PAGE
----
• Mason-Theresa

    After reading this I feel like someone beyond hope. I’ve been angry and rebellious for so long I’m not sure there is any redemption left. I’m 56, and tired of the constant struggle against the sin in my life. Thanks for this post, since, I have been a Christian all my life, I finally know the difference now.

  • KeepinthePeace7752

    It continually amuses and amazes me how a people involved in a religion that where the main message is to love, judge so quickly and think they know about sin.  Especially when the information is derived from a book that has been so manipulated, distorted, and used fro control purposes throughout our history.  
    Mere men decided what books would be in and was written and rewritten so many times by various Kings, it’s a wonder anyone can interpret anything.  The words that really count are that of Jesus whether he was the son of God or not.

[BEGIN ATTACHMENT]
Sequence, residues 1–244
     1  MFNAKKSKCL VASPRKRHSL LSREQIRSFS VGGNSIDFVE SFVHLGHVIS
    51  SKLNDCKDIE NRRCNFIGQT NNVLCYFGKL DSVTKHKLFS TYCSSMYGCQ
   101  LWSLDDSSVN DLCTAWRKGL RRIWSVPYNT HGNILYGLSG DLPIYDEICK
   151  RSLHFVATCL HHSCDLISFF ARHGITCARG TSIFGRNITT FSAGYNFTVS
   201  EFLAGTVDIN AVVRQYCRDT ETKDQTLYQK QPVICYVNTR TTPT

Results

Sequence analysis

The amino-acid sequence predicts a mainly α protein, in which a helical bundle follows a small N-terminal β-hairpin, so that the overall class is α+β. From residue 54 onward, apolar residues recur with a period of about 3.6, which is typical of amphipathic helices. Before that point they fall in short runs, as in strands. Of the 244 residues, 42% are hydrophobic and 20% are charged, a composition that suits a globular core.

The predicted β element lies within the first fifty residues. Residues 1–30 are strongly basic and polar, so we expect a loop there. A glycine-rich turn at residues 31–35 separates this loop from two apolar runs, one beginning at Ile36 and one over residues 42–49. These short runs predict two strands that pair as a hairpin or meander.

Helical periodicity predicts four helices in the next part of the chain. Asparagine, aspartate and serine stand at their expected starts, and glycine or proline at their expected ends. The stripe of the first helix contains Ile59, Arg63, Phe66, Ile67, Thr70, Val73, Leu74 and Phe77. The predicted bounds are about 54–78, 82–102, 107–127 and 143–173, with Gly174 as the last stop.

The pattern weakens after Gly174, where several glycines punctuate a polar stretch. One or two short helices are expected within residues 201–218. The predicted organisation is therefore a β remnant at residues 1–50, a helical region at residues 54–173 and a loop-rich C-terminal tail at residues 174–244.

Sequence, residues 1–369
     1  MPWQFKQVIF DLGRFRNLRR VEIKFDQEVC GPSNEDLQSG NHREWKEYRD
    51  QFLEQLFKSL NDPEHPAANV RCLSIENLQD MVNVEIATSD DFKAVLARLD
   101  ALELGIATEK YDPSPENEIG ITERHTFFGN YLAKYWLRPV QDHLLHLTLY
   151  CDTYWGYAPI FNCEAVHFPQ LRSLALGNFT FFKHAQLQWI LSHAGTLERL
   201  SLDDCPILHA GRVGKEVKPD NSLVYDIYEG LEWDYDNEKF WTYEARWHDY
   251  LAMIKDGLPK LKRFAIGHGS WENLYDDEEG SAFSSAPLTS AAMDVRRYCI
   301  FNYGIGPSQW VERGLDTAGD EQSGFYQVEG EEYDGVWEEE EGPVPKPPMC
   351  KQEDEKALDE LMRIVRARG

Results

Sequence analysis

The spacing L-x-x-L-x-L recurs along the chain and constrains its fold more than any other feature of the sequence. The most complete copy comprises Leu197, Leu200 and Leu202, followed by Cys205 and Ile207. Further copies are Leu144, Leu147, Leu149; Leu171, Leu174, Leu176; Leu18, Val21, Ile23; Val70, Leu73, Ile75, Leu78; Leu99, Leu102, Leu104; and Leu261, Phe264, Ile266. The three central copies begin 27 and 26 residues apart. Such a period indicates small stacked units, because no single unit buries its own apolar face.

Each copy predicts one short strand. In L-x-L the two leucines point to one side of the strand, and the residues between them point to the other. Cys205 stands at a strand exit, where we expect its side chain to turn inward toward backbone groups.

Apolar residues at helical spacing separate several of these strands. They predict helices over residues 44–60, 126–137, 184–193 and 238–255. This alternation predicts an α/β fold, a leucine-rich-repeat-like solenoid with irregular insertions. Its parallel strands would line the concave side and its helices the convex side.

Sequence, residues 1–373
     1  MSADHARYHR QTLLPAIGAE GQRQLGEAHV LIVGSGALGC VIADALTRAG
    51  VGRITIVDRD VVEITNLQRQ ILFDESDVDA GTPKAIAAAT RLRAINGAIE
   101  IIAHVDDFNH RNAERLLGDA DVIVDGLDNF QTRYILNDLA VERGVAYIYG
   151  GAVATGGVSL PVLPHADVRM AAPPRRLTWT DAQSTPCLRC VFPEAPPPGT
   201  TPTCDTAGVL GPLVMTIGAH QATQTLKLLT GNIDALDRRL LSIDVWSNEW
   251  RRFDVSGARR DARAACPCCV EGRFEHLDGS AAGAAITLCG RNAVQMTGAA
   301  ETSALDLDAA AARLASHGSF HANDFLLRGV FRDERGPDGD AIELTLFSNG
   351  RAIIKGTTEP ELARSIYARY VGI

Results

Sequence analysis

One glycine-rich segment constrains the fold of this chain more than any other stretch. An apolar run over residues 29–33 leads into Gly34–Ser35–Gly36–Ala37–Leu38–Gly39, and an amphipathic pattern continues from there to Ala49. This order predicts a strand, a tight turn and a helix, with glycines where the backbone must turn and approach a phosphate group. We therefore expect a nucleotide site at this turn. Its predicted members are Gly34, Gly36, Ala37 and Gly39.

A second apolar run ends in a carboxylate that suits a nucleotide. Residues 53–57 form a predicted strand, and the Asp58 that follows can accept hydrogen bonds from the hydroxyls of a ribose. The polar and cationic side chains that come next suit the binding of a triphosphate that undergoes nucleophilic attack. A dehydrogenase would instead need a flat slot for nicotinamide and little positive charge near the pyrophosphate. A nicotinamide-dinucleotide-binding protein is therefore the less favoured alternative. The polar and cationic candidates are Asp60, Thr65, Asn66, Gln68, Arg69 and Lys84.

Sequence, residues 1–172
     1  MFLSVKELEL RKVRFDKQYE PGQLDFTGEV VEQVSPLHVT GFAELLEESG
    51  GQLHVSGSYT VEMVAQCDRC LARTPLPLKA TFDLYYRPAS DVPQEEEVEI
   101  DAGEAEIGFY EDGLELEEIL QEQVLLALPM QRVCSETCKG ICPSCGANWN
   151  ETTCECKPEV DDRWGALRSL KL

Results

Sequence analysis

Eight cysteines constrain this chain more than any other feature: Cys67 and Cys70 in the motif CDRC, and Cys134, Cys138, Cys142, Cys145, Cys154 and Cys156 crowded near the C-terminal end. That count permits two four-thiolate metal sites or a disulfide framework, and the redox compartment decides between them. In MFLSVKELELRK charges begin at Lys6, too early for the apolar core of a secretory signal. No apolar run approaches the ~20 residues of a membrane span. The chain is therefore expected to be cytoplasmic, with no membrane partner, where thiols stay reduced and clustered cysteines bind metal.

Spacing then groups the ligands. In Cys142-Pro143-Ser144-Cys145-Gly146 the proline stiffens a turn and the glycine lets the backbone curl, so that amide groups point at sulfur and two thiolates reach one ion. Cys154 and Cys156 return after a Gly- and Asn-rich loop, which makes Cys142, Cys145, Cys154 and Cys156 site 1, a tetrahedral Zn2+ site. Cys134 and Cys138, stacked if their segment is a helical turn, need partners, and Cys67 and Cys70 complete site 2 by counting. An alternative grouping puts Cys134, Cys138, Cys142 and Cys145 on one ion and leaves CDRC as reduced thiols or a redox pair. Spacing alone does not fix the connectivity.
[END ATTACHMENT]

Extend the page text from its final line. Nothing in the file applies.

He didn’t judge or cast dispersion on those that made mistakes…  A sin is NOTHING more than a mistake…  Get over it and free your mind from the dogma and control based rules.  If we do everything in love, walk in love, and do what Jesus did most of the time no rules and dogma are necessary.

    Oh, and by the way, Church isn’t only on Sunday and doesn’t exist in side four walls.  Fellowship and church happen in every moment of every day that we exist.  When I am alone in the woods/forest and in peace and meditation, I am in church as two or more of God’s creations are with me.  Everything is energy and we are all one in God and God in us.  We don’t have to get back to God; God never left and we just need to recognize and admit that to ourselves.